Reinaldo Martinez’s JFK story
A Cuban-American man has said a leading anti-Castro fighter identified a mutual friend as having admitted he took part in the assassination of President Kennedy. Reinaldo Martinez, who made the allegation in this video interview with JFK author Anthony Summers, named the man who admitted involvement as Herminio Diaz.
Is the story, picked up last month in the online Daily Mail, credible?
Summers, author of “Not In Your Lifetime,” notes the story is hearsay. Martinez, now deceased, admitted he had no proof it was true, only that the anti-Castro fighter who told him the story.
JFK Facts has discovered that the CIA retains two secret files on the source of Martinez’s story. The agency says the files are “not believed relevant” to JFK’s assassination.
Under the suggestive title “Castro Figured Out The JFK Case in Five Days”, an English version of his speech at the University of Havana on November 27, 1963, is available from CTKA.
In due course, the Warren Commission was provided with a slightly different version, but its members feared and rejected Castro’s line of argument depicting JFK’s assassination as part of a broader “plan against peace, against Cuba, against the Soviet Union, against humanity, against progressive and even liberal sectors of the United States.”
In March, the London Times detailed an audio project recreating John F Kennedy’s “lost” Dallas speech, which he was due to deliver the day he was assassinated. A total of 831 existing JFK speeches and interviews, and 116,777 “sound units” were analysed to create the speech that was never spoken. The “JFK Unsilenced” project was widely shared and praised, but I found it unnerving. The potential for manufacturing things that were never said by world leaders for nefarious means is clear.
Source: Una Mullally: How I was caught up in an Iranian fake news operation
Bill Simpich has a terrific piece at WhoWhatWhy about the new JFK files released since October 2017. One document found by Simpich jumped out at me. In 1995 the CIA asked Brazilian intelligence.
to photograph the JFK researchers and Cuban counterintelligence officers that met together in August, 1995 in Rio de Janeiro pursuant to an invitation by the Ministry of Culture.
Now available on You Tube retired Major General Fabian Escalante, former head and current historian of Cuba’s State Security Department,i gives a sneak preview of his upcoming book Beyond Any Reasonable Doubt. The Assassination of John F. Kennedy and the Aggression Against Cuba. Read more
Do we need more historians in senior government positions? Arthur Schlesinger provides an interesting test case.
Source: The Perils of the Court Historian–War on the Rocks
My attorneys Jim Lesar and Dan Hardway, are asking news organizations and open government groups for amicus briefs in support our appeal of Judge Brett Kavanaugh’s pernicious July 9 decision undermining a key provision of the Freedom of Information Act.
Here’s our brief and addendum, as found in PACER.
Amicus briefs are due by August 30. If you or your organization is interested in supporting FOIA from Kavanaugh’s attack, please contact Jim Lesar, or Dan Hardway.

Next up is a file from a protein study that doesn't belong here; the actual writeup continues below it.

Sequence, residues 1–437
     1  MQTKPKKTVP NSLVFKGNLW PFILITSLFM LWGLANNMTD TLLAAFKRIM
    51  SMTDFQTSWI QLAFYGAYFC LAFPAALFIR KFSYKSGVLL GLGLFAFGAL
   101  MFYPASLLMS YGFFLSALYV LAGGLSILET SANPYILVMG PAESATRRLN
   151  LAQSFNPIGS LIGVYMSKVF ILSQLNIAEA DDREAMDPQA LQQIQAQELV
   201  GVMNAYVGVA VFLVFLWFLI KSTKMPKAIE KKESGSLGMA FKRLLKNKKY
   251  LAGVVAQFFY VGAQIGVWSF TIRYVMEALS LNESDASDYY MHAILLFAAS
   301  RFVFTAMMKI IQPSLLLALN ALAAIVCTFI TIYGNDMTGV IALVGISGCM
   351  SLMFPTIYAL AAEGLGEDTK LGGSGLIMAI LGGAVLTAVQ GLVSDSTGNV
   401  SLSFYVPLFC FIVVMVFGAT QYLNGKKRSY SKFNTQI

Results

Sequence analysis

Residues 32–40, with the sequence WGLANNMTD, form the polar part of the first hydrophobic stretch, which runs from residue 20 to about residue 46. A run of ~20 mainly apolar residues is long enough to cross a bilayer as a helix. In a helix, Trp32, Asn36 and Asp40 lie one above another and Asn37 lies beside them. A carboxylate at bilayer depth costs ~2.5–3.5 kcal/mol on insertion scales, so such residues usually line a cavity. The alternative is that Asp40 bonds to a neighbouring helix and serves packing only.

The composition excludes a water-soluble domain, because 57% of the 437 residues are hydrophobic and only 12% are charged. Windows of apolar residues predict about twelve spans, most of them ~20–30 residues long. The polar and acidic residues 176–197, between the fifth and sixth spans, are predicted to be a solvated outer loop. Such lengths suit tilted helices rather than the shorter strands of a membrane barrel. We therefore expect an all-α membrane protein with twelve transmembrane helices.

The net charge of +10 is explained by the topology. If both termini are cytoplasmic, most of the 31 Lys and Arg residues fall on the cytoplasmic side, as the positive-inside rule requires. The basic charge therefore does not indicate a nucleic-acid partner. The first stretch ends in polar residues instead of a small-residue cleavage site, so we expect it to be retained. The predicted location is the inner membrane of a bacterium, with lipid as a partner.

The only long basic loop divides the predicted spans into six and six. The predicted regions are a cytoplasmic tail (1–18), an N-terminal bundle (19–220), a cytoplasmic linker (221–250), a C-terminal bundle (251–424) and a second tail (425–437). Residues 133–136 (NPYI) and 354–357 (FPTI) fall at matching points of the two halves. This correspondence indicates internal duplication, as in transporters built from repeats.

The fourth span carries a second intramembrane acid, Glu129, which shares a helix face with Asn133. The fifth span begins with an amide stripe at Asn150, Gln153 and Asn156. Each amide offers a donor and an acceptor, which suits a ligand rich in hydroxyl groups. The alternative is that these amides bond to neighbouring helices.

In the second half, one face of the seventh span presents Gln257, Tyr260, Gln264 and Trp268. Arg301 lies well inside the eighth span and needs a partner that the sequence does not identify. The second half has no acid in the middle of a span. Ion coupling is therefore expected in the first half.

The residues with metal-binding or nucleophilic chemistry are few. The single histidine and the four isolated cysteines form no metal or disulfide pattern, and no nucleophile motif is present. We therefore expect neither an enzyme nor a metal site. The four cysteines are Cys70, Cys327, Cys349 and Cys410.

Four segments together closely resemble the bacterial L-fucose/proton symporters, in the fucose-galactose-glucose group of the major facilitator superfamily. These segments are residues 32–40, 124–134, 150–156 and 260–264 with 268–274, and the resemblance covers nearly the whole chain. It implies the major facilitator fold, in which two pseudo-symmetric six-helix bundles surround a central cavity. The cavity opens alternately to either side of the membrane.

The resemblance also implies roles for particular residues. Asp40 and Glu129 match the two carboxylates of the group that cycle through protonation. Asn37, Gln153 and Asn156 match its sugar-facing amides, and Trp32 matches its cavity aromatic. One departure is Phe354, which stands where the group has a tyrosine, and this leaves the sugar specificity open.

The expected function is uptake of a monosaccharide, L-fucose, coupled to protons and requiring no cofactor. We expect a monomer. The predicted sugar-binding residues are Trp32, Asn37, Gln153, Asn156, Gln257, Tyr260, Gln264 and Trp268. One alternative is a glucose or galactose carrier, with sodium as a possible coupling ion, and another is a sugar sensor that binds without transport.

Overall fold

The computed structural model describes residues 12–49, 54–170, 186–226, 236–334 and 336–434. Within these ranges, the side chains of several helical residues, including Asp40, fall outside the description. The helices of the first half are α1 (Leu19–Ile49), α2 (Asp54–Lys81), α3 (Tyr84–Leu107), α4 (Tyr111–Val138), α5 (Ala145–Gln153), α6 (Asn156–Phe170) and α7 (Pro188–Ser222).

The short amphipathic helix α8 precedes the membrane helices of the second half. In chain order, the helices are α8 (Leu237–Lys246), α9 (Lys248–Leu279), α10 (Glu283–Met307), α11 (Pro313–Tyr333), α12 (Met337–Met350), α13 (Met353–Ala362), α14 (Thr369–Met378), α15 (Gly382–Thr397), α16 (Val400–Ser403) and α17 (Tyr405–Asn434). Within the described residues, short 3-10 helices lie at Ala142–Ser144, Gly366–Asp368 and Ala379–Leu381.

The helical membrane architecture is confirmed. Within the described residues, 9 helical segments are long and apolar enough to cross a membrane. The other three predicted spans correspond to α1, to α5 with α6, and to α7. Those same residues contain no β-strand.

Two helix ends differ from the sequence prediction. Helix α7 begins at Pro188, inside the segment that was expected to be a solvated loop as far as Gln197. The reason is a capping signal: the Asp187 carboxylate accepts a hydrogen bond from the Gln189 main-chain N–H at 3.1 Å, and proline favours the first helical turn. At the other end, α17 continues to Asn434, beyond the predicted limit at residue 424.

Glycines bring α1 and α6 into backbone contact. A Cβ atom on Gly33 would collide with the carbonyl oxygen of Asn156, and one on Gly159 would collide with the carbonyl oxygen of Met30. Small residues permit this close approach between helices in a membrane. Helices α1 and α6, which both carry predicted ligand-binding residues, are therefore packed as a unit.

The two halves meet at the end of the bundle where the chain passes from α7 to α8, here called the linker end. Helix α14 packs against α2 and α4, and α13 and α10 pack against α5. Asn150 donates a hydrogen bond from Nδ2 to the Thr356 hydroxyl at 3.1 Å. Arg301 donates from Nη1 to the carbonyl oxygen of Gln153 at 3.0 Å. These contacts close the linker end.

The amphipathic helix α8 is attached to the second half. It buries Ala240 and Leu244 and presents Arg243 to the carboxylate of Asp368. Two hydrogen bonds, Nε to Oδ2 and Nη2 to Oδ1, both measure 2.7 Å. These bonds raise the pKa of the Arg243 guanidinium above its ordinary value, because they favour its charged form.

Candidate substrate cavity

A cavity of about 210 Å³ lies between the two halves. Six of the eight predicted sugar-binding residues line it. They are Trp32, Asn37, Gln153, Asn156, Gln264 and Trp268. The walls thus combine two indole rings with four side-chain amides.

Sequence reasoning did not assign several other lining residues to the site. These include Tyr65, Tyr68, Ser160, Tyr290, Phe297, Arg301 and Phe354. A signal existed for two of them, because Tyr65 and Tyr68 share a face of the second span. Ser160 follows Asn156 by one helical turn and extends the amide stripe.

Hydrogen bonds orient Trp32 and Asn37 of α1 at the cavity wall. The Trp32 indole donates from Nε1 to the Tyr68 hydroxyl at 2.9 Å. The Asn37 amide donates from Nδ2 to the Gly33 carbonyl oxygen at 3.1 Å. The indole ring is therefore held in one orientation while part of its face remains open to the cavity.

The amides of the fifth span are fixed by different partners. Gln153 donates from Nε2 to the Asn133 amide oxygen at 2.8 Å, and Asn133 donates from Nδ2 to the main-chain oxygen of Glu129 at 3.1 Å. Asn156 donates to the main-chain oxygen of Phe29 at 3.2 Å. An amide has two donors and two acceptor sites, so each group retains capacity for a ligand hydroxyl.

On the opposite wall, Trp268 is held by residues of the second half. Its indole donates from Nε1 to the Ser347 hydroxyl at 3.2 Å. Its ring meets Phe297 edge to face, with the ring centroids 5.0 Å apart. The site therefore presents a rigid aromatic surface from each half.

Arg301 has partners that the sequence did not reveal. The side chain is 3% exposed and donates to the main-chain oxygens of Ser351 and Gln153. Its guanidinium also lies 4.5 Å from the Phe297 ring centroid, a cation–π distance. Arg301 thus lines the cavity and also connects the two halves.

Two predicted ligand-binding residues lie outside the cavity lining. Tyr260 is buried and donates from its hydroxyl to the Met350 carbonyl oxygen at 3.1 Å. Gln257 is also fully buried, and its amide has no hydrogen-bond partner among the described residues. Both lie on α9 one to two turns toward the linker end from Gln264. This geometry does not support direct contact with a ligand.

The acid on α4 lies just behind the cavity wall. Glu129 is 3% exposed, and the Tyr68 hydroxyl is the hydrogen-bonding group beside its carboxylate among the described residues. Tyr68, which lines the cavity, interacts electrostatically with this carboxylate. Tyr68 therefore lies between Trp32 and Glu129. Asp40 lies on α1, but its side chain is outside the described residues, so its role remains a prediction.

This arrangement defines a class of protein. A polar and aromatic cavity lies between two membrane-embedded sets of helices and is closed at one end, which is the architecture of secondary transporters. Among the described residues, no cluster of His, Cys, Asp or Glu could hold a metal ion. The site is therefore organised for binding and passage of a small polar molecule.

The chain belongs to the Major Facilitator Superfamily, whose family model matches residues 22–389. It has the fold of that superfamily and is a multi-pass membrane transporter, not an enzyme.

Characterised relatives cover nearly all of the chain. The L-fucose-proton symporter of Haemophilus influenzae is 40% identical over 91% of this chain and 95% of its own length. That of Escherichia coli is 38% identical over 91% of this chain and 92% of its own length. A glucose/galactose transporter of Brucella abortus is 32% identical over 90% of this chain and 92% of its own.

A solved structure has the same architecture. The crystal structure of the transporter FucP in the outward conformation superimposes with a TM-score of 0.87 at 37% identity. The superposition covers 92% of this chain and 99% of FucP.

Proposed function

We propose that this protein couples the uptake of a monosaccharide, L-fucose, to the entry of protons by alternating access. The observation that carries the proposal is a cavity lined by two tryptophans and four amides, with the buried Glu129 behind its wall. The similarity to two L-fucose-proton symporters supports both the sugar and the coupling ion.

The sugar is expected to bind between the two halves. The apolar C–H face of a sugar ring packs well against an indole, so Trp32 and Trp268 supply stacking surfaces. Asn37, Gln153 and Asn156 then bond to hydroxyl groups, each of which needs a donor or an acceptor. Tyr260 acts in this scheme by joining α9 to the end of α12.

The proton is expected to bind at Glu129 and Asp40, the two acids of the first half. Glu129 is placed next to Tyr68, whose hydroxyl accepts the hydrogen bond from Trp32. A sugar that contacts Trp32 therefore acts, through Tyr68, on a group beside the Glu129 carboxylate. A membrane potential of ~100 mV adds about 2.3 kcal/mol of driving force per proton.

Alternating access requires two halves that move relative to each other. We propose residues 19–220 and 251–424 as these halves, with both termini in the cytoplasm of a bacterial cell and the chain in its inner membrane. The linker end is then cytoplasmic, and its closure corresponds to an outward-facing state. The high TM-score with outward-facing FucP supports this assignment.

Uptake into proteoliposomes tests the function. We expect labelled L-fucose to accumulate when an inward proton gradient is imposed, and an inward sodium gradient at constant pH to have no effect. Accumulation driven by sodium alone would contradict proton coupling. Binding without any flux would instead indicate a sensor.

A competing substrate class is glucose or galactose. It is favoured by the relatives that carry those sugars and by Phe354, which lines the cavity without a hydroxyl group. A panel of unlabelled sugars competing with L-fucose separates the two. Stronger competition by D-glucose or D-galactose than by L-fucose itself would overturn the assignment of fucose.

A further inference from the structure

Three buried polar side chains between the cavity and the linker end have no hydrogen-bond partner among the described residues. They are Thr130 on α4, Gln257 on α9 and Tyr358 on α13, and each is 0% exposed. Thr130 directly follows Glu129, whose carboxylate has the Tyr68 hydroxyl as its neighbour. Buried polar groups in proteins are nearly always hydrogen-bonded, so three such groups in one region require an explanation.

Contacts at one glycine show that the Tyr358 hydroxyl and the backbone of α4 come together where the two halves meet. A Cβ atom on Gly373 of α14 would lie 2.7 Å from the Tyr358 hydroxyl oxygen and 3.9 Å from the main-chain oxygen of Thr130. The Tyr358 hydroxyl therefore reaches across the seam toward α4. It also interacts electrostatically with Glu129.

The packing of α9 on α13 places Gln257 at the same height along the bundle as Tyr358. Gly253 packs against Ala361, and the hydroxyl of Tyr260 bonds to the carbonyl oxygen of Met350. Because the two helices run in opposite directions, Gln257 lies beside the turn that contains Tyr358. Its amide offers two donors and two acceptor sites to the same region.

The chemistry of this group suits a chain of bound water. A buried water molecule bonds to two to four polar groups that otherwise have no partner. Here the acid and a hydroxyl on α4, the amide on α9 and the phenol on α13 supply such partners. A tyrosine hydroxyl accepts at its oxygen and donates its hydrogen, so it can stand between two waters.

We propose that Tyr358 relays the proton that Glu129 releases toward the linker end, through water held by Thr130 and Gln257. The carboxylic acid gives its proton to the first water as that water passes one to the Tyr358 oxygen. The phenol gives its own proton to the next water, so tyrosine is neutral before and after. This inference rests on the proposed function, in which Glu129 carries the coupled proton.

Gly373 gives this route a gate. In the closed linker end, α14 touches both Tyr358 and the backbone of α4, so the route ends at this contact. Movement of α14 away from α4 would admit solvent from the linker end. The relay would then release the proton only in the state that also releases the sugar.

Brett Kavanaugh announced.
The last opinion signed by Brett Kavanaugh before his nomination to the Supreme Court dealt a blow to a key provision of the Freedom of Information Action: compensation for successful litigant.
On July 9, Kavanaugh joined a 2-1 majority decision in Morley v. CIA that held that the government did not have to pay my court costs because the CIA had acted reasonably and there was no benefit to the information obtained.
In a powerful dissent, Judge Karen Henderson rebuked Kavanaugh and Judge Gregory Katsas for ignoring precedent and inventing mandate.
Michael Swanson, an investment adviser turned JFK researcher, called my attention to “Council of War,” a fascinating official history of the Joint Chiefs of Staff, which documents the Pentagon’s resistance to, and resentment of, President Kennedy’s foreign policy, especially on Cuba and Vietnam.
Published by the JCS, the study presents an unvarnished view of an unprecedented mistrust between White House and Pentagon in the year before Kennedy was violently removed from power.
“Read this book and you are reading a real history of the American empire and defense establishment written for future leaders of the Pentagon and armed forces,” writes Swanson, who plans to publish his own study of the Cold War from 1945-1963 in the fall.
Some highlights from “Council of War:”
For Sunshine Week 2014, audio expert Ed Primeau explained his forensic analysis of a recently discovered audio recording from November 22, 1963, the day President John F. Kennedy died.
His comments point to a revelatory audio recording that the U.S. government has never made public in the 50 years since JFK’s assassination.
I nominate a forgotten tape recording that surfaced in 2011. The unedited Air Force One tapes from the afternoon of November 22, 1963 could be a reveleatory–if it ever surfaces. Read more
On question of the Pentagon reaction to JFK’s assassination, a reader writes that the story Gen. Maxwell Taylor took a nap is misleading, at least according to one journalist historian.
On subject of Gen. Maxwell Taylor, Proteus writes:
Gens. Maxwell Taylor and Curtis LeMay at the funeral of JFK, November 25, 1963 (Credit Abbie Rowe/JFK Library
In response to my query about Gen. Maxwell Taylor and the events of 1963, reader John writes:
Newly uploaded JFK records include those from July 24 2017, Nov 9 2017, and Nov 17 2017. Currently about 90 percent of the more than 50,000 released documents are in the Mary Ferrell Foundation Document Archive
Source: Documents released in 2017 and 2018